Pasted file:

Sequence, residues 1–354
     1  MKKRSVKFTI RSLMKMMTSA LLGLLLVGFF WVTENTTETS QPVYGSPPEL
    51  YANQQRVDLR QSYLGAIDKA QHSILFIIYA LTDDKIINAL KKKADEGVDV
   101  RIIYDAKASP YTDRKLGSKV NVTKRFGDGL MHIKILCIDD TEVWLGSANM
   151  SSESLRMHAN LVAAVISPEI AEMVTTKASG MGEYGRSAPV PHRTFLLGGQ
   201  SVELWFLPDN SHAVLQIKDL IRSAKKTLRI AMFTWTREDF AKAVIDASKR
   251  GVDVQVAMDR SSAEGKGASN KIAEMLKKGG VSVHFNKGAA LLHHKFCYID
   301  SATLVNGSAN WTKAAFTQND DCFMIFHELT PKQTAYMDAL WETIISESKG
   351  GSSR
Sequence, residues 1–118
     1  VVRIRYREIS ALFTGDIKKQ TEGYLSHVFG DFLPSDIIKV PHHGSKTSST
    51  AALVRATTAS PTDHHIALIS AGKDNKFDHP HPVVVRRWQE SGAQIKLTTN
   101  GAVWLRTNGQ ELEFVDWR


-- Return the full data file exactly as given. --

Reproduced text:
Sequence, residues 1–354
     1  MKKRSVKFTI RSLMKMMTSA LLGLLLVGFF WVTENTTETS QPVYGSPPEL
    51  YANQQRVDLR QSYLGAIDKA QHSILFIIYA LTDDKIINAL KKKADEGVDV
   101  RIIYDAKASP YTDRKLGSKV NVTKRFGDGL MHIKILCIDD TEVWLGSANM
   151  SSESLRMHAN LVAAVISPEI AEMVTTKASG MGEYGRSAPV PHRTFLLGGQ
   201  SVELWFLPDN SHAVLQIKDL IRSAKKTLRI AMFTWTREDF AKAVIDASKR
   251  GVDVQVAMDR SSAEGKGASN KIAEMLKKGG VSVHFNKGAA LLHHKFCYID
   301  SATLVNGSAN WTKAAFTQND DCFMIFHELT PKQTAYMDAL WETIISESKG
   351  GSSR
Sequence, residues 1–118
     1  VVRIRYREIS ALFTGDIKKQ TEGYLSHVFG DFLPSDIIKV PHHGSKTSST
    51  AALVRATTAS PTDHHIALIS AGKDNKFDHP HPVVVRRWQE SGAQIKLTTN
   101  GAVWLRTNGQ ELEFVDWR